Triumphal Entries

Palm Sunday is a hard one liturgically.  You get 7 minutes or so on the triumphal entry and then get whisked all the way to Good Friday with the reading of the Passion.  The general consensus is that most people who show up on Palm Sunday won’t make the return trip for Maundy Thursday or Good Friday, so if you want to preach about the crucifixion, you’d better do it on Palm Sunday.

In spite of this collective wisdom, I did more with the triumphal entry this year.  I’ve always been struck by Matthew’s rendering of it, so it caught my fancy.

And I hope you’ll be attending church this week for Holy Week.  This is an amazing journey for us, and one that is not to be missed.

Palm Sunday—Matthew 21:1-11

I’ve always been fascinated by Matthew’s retelling of the Triumphal Entry, simply because of the great detail he goes into regarding the donkey and the colt those two disciples are to find.  Matthew, unlike the other  Gospel writers, informs his readers that there is both a donkey and a colt that the disciples are to find for Jesus.  Mark, Luke and John all say that it is a solitary animal.  And I can’t help but be amused at the seemingly odd description when Matthew tells us that once the donkey and the colt arrived, some of the bystanders threw their cloaks on those animals, and Jesus sat on both of them.  It’s almost comical, and I’ve always chalked it up to the way Matthew plays with numbers and numerology throughout his gospel when compared to the other writers; he seems to say, if one is good, two is better.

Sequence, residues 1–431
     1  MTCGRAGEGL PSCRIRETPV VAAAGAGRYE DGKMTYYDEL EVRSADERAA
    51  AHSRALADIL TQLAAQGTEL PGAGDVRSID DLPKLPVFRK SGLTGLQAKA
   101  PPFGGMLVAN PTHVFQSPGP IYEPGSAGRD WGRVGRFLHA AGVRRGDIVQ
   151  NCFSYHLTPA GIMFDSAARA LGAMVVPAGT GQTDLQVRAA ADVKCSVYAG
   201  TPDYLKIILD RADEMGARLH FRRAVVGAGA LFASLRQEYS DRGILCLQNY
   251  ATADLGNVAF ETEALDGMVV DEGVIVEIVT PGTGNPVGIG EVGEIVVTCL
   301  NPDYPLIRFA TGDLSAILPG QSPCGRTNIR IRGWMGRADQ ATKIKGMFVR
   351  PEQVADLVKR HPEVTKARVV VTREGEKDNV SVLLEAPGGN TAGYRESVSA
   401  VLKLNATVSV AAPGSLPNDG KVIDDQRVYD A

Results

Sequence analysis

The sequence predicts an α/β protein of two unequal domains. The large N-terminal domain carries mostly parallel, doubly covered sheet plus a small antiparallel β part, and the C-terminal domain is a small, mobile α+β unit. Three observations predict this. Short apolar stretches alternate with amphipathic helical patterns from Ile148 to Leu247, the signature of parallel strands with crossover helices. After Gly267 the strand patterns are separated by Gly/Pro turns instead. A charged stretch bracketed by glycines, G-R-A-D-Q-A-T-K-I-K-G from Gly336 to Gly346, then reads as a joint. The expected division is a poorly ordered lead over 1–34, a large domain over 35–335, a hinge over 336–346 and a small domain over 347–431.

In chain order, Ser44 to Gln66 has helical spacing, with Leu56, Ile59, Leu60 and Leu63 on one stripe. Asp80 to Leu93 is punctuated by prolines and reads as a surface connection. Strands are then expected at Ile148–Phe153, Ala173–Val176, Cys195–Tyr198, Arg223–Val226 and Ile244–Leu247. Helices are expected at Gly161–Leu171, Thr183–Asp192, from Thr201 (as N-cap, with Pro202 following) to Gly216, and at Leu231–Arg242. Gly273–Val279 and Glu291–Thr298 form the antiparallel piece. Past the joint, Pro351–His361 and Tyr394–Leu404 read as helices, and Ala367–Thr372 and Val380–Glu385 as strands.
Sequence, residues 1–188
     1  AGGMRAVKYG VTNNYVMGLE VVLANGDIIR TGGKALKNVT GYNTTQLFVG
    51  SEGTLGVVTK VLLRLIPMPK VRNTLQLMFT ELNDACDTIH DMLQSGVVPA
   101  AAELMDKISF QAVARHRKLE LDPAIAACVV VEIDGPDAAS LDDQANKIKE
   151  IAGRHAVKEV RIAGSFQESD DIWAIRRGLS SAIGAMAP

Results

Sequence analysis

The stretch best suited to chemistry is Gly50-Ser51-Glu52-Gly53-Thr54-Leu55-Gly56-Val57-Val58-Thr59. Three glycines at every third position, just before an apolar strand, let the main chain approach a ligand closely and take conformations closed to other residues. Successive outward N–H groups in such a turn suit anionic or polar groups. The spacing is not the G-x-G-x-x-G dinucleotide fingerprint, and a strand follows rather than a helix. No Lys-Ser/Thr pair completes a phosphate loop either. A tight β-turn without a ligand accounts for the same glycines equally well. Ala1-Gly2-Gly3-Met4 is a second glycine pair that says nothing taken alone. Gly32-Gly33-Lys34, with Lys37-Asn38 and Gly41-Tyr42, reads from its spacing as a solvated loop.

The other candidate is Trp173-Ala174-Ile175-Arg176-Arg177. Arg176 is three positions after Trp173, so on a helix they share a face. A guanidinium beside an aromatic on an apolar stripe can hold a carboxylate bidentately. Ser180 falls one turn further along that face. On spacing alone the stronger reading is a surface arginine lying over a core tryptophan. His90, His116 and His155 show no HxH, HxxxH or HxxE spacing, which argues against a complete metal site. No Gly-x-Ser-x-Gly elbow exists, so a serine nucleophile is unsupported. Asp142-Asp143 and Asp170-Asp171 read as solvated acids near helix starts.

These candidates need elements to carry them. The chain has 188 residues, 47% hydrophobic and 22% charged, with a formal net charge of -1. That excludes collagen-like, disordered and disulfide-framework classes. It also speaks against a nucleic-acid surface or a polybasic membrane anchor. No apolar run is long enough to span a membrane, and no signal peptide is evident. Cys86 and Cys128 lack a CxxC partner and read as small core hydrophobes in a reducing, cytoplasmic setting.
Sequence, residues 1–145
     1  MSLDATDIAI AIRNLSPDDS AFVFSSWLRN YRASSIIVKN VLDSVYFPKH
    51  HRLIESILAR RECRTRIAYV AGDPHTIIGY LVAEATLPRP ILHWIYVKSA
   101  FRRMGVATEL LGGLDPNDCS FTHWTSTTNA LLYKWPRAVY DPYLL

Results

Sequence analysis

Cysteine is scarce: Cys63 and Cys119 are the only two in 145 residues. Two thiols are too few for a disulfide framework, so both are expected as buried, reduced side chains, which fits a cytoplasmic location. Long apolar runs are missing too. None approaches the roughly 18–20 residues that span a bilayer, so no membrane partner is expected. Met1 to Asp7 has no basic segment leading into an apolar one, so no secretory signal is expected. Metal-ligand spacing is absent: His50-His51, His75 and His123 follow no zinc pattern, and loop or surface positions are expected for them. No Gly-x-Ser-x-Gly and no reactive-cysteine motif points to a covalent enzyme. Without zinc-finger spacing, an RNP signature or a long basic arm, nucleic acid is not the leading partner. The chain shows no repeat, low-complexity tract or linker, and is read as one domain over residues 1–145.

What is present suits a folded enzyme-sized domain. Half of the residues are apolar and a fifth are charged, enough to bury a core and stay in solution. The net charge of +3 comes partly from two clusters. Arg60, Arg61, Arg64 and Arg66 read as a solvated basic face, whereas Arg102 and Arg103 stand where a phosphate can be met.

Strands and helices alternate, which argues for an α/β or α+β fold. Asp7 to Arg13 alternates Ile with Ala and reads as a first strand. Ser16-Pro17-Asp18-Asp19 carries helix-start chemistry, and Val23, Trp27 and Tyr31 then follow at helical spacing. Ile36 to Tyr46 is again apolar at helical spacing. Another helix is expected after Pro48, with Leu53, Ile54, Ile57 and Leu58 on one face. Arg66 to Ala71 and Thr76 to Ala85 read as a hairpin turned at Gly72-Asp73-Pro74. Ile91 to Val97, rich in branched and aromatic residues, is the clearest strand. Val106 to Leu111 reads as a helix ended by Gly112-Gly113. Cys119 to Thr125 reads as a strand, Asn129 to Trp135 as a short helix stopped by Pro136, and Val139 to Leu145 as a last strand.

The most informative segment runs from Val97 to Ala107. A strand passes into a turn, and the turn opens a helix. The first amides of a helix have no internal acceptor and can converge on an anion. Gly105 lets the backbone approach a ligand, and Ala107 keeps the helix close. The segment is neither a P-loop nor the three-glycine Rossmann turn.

I clung to the amusement, that is, until I read a comment about that verse this past week.  John Dominic Crossan writes that Matthew “wants two animals, a donkey with her little colt beside her, and that Jesus rides ‘them’ in the sense of having them both as part of his demonstration’s highly visible symbolism. In other words, Jesus does not ride a stallion or a mare, a mule or a male donkey, and not even a female donkey. He rides the most unmilitary mount imaginable: a female nursing donkey with her little colt trotting along beside her.”[1]  Military leaders would often ride into their cities in a display of power—which is hinted at in the reference to the prophet Zechariah that Matthew records.  The entire context from the prophet is this: “Rejoice greatly, O daughter Zion!  Shout aloud, O daughter Jerusalem! Lo, your king comes to you; triumphant and victorious is he, humble and riding on a donkey, on a colt, the foal of a donkey. He will cut off the chariot from Ephraim and the war horse from Jerusalem; and the battle bow shall be cut off, and he shall command peace to the nations.” (Zech 9:9-10)  Jesus, the Messiah, the Christ, would come not in a display of power, but in humility.  He would come to bring peace to the nations while the Romans would continue to ride in on their chariots with their military might blazing, bringing anything but peace.